Wednesday, September 17, 2008

MICHIGAN NEWS: State Lawmakers To Reverse Deer Baiting Ban

I think I've seen this movie before. It has a bad ending. -TR

A trio of state lawmakers called on DNR Director Rebecca Humphries to rescind a ban on deer baiting in the Lower Peninsula that was enacted in response to an outbreak of Chronic Wasting Disease on a game farm in Kent County.

State Reps. Jeff Mayes, D-Bay City, and Joel Sheltrown, D-West Branch, along with state Sen. James Barcia, D-Bay City, said the economic impact on the growers of bait crops could be devastating, and that reductions in the deer harvest by hunters who stay home rather than go into the field without bait could actually contribute to the spread of the disease (as larger herds congregate).

The Natural Resources Commission put the ban in place last month, citing the danger of the disease spreading among animals gathering over bait piles. But it has been hugely unpopular with many hunters and among farmers who depend on the sale of bait crops like carrots and sugar beets.

The lawmakers said they hope to have the resolutions taken up next week in the House and Senate. But it was not immediately clear what their impact would be because of questions over what authority the Legislature has to dictate policy on natural resources issues.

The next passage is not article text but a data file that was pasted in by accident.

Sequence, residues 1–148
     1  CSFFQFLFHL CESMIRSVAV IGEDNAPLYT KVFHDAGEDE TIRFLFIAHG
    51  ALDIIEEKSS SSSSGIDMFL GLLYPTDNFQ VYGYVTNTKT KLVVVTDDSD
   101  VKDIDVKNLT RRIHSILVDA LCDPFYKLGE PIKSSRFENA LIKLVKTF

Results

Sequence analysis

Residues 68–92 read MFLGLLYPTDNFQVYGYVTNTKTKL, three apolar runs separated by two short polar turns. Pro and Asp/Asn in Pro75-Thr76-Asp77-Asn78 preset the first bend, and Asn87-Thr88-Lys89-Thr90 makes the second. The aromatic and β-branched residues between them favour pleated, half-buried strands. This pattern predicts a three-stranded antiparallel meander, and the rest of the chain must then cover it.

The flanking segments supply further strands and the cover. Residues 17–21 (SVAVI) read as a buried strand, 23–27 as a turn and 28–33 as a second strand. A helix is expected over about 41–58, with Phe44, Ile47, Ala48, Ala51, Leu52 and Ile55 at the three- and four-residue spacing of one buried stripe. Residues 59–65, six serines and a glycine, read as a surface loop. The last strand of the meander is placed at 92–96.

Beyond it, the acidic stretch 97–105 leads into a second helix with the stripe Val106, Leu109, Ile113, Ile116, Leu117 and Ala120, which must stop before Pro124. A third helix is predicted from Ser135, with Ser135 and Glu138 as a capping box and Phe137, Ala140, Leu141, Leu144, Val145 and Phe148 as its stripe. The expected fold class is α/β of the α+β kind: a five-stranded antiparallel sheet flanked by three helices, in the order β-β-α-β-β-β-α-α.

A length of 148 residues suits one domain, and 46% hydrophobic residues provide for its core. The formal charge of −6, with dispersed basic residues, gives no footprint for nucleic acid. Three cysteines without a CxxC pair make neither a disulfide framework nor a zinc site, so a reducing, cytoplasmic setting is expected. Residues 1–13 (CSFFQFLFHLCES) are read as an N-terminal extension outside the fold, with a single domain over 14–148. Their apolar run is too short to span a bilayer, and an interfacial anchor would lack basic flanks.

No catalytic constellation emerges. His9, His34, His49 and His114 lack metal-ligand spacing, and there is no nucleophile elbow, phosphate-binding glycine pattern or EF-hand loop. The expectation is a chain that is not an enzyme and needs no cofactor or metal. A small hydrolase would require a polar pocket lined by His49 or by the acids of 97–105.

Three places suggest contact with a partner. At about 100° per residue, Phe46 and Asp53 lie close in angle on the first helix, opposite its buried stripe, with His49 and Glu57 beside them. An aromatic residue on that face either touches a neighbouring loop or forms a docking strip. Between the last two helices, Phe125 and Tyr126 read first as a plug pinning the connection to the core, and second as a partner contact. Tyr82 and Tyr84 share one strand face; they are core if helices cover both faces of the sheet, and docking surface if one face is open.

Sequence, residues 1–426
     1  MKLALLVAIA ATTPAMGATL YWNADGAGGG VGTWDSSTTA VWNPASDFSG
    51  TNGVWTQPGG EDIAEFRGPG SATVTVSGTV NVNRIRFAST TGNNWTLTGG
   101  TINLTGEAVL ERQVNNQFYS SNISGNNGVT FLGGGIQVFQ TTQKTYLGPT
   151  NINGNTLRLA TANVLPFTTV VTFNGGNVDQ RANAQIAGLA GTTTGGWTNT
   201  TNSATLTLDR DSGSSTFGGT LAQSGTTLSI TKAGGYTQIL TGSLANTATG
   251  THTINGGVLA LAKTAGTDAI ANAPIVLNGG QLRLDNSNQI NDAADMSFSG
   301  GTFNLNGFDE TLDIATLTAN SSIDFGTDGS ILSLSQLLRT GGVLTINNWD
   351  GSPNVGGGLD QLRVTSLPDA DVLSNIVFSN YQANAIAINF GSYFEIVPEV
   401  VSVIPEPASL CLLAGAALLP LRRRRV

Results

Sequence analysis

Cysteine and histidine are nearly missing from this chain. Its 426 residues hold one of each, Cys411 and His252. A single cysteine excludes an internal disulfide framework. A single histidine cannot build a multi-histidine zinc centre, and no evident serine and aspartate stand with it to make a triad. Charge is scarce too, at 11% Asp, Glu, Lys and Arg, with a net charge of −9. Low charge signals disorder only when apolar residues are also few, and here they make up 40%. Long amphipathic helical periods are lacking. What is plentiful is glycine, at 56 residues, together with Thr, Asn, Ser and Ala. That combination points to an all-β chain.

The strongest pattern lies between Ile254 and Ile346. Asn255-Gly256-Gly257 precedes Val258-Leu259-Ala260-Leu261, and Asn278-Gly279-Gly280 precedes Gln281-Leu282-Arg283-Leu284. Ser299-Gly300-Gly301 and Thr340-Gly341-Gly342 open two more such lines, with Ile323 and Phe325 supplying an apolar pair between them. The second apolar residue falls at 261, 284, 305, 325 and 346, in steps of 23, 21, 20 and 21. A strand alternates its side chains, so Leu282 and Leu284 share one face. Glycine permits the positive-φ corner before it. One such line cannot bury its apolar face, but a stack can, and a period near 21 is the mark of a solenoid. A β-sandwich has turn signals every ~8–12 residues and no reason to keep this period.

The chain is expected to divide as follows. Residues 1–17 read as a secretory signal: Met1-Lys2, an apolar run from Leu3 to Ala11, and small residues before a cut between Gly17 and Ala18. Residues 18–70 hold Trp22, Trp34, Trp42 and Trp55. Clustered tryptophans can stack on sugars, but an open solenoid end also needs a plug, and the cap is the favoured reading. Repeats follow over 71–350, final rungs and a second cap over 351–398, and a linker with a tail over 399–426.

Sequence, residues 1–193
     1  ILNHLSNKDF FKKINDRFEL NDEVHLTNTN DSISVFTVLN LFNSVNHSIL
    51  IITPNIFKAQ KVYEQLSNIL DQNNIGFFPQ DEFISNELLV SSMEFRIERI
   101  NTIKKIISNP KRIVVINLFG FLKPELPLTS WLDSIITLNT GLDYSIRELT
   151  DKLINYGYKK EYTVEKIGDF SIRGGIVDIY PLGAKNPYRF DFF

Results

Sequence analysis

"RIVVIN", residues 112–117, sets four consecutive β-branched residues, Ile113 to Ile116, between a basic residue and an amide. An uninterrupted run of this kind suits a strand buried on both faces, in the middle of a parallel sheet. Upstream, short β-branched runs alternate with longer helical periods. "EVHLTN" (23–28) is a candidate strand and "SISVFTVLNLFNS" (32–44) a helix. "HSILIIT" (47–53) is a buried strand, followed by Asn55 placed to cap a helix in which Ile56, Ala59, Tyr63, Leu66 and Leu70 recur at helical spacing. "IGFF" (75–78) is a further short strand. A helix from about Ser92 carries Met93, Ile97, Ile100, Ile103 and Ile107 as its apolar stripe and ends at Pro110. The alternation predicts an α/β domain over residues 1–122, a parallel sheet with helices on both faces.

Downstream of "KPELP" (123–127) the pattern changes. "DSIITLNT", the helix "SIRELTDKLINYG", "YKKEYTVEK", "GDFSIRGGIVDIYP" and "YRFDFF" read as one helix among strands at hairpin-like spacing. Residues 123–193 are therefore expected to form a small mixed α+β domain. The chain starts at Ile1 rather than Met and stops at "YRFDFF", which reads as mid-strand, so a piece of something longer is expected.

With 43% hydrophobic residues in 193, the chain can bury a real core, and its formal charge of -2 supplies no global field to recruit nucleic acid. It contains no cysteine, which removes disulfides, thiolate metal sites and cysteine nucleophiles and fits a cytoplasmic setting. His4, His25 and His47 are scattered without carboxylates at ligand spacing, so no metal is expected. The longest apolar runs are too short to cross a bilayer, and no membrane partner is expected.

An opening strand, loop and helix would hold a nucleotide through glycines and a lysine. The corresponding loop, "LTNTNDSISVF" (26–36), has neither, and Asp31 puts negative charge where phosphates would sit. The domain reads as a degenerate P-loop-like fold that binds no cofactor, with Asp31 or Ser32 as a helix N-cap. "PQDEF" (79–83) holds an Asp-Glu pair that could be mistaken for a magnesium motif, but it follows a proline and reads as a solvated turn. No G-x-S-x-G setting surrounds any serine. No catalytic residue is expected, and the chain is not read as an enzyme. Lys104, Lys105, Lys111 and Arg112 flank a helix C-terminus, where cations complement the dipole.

DNR spokeswoman Mary Detloff issued the following statement at mid-day today in response to the proposed resolutions:

“Two diseases have been found in Michigan deer that were not here historically. Those diseases (bovine tuberculosis and CWD) can be spread among deer by close contact with other deer through their saliva, nasal secretions, or (in the case of CWD) droppings. Concentrating deer activity at bait sites increases the likelihood that diseases will be passed from deer to deer.

"The DNR doubts that most people would say 'yes' to the question: Are you willing to risk causing Michigan's deer herd to be sick from chronic disease from this day forward just so that you can use bait?

"We firmly believe hunters want to pass a healthy deer herd on to the next generation. That is why it is important to stop baiting. Deer hunting generates a $500-million economic impact to the state each year, and a disease like CWD poses a grave threat to that if it is in the wild deer population. The impact of CWD in the wild herd would hurt many small businesses around the state -- many of whom do not sell bait.”

Source: Detroit Free Press

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